/SiteAssets/Images/FMOLHSBlankBanner.png

Health Information

Arterial insufficiency
Bookmarks

Arterial insufficiency

Print-Friendly  

Arterial insufficiency is any condition that slows or stops the flow of blood through your arteries. Arteries are blood vessels that carry blood from the heart to other places in your body.

One of the most common causes of arterial insufficiency is atherosclerosis or "hardening of the arteries." Fatty material (called plaque) builds up on the walls of your arteries. This causes them to become narrow and stiff. As a result, it is hard for blood to flow through your arteries.

Blood flow may be suddenly stopped due to a blood clot. Clots can form on the plaque or travel from another place in the heart or artery (also called embolus).

I Would Like to Learn About:

  • Causes

    One of the most common causes of arterial insufficiency is atherosclerosis or "hardening of the arteries." Fatty material (called plaque) builds up on the walls of your arteries. This causes them to become narrow and stiff. As a result, it is hard for blood to flow through your arteries.

    Blood flow may be suddenly stopped due to a blood clot. Clots can form on the plaque or travel from another place in the heart or artery (also called embolus).

  • Symptoms

    Symptoms depend on where your arteries become narrowed:

    • If it affects your heart arteries, you may have chest pain or a heart attack.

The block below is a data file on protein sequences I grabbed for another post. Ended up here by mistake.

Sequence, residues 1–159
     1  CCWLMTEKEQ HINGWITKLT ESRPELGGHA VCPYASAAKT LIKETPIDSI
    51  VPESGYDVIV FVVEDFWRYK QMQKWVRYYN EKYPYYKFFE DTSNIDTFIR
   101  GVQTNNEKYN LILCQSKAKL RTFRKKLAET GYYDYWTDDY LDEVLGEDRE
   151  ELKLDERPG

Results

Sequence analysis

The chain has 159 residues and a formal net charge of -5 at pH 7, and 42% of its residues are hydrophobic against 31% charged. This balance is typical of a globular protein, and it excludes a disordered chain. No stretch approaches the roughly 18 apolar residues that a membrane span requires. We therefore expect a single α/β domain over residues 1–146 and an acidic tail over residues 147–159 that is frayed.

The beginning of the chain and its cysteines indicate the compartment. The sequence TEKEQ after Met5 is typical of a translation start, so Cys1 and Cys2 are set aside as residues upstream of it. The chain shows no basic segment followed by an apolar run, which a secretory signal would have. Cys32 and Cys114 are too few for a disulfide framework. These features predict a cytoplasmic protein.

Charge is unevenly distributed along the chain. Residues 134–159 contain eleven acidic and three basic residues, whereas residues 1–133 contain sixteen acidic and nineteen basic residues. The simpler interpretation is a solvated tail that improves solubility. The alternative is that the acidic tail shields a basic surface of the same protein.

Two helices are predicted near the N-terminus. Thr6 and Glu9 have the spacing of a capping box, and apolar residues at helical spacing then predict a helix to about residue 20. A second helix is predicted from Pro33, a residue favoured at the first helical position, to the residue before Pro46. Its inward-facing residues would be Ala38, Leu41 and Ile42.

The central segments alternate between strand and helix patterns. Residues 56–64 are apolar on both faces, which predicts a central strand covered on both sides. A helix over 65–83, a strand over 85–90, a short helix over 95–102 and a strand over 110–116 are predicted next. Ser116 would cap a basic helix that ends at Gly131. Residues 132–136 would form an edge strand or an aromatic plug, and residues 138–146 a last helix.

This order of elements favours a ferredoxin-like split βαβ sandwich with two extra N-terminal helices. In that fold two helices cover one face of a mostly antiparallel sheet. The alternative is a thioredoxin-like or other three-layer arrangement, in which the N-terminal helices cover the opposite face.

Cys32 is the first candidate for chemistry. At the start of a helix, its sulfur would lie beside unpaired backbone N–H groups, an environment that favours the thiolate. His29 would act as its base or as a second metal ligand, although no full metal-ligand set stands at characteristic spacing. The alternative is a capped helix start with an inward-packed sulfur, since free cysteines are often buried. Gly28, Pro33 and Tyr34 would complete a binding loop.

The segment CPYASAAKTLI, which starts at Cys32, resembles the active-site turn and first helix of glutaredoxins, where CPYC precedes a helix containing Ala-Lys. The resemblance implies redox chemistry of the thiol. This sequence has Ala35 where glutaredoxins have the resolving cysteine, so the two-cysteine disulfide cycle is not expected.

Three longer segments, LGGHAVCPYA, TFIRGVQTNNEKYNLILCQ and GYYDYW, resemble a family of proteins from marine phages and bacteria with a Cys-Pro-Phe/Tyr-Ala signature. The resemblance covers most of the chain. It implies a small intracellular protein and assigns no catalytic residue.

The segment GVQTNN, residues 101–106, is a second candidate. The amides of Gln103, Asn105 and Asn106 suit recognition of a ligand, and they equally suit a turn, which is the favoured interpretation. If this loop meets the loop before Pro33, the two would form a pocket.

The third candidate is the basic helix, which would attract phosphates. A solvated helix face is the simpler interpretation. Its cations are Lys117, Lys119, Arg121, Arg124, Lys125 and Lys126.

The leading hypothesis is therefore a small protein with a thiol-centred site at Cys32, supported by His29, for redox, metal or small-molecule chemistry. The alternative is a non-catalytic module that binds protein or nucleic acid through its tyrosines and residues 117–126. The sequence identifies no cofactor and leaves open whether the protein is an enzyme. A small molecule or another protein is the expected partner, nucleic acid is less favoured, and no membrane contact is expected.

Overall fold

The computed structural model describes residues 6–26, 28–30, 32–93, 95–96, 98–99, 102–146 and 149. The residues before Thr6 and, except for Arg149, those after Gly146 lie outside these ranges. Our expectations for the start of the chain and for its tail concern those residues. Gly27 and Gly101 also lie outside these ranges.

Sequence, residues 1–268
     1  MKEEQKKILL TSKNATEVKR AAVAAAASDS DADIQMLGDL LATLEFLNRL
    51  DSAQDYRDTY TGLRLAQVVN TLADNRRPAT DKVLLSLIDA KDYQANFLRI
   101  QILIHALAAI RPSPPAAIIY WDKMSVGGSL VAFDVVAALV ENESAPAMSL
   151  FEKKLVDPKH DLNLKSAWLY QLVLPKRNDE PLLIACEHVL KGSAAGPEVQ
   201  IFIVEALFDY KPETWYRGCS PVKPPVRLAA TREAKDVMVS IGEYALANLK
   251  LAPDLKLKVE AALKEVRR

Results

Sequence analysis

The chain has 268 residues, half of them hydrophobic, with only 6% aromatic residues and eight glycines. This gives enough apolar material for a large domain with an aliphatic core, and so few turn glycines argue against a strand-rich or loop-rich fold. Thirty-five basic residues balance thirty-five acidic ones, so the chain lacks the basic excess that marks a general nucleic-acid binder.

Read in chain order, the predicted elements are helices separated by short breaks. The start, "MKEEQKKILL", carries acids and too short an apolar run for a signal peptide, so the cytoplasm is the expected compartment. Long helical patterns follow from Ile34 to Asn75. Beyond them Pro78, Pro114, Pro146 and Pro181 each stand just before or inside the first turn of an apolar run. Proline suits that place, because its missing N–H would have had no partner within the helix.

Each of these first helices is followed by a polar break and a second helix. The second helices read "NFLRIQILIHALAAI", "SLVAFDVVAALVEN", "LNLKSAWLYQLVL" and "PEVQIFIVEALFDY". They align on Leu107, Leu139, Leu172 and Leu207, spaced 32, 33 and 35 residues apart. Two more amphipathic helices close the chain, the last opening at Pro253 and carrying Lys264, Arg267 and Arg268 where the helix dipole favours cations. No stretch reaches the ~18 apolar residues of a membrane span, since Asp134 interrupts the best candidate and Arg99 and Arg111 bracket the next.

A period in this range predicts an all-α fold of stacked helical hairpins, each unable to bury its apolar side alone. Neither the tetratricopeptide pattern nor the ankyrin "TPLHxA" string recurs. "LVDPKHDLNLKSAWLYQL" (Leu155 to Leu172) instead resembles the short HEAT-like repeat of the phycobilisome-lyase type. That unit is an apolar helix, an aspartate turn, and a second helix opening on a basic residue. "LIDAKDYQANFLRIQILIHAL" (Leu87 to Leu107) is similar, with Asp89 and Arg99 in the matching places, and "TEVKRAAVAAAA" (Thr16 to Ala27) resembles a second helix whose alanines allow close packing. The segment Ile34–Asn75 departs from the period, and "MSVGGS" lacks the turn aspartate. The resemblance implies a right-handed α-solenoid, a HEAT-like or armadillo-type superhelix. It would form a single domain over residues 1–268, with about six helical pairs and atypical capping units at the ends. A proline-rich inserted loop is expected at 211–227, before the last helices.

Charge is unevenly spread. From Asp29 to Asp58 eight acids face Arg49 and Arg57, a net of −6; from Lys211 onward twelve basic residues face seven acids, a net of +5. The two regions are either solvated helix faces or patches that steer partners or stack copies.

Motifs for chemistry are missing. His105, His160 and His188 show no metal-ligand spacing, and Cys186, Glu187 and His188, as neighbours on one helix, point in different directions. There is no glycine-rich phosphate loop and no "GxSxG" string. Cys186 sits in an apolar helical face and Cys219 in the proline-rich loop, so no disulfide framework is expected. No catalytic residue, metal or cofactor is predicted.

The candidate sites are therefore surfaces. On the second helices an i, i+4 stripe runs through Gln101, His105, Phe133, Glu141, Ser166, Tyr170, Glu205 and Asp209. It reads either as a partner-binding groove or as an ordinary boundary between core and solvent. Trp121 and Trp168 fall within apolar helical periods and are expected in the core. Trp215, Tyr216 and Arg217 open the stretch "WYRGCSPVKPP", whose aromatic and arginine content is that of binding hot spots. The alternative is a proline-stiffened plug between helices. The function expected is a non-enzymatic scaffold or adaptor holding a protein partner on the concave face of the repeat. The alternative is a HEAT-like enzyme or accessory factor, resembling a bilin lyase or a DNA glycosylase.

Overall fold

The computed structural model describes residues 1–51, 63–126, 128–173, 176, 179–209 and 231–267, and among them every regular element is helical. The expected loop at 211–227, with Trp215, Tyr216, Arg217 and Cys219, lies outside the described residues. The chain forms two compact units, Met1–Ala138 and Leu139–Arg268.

• If it affects your brain arteries, you may have a stroke.
    • If it affects the arteries that bring blood to your legs, you may have frequent leg cramping when you walk.
    • If it affects the arteries in your belly area, you may have pain after you eat.

Related Information

  StrokeAnteriorHardening of the a...Venous insufficien...     Stroke

References

Hansson GK, Hamsten A. Atherosclerosis, thrombosis, and vascular biology. In: Goldman L, Schafer AI, eds. Goldman's Cecil Medicine. 24th ed. Philadelphia, Pa: Saunders Elsevier; 2011:chap 70.

BACK TO TOP 

Review Date: 10/29/2013  

Reviewed By: David C. Dugdale, III, MD, Professor of Medicine, Division of General Medicine, Department of Medicine, University of Washington School of Medicine. Also reviewed by David Zieve, MD, MHA, Bethanne Black, and the A.D.A.M. Editorial team.

The information provided herein should not be used during any medical emergency or for the diagnosis or treatment of any medical condition. A licensed medical professional should be consulted for diagnosis and treatment of any and all medical conditions. Call 911 for all medical emergencies. Links to other sites are provided for information only -- they do not constitute endorsements of those other sites. © 1997- A.D.A.M., Inc. Any duplication or distribution of the information contained herein is strictly prohibited.

adam.com

 
A.D.A.M. content is best viewed in IE9 or above, Fire Fox and Google Chrome browser.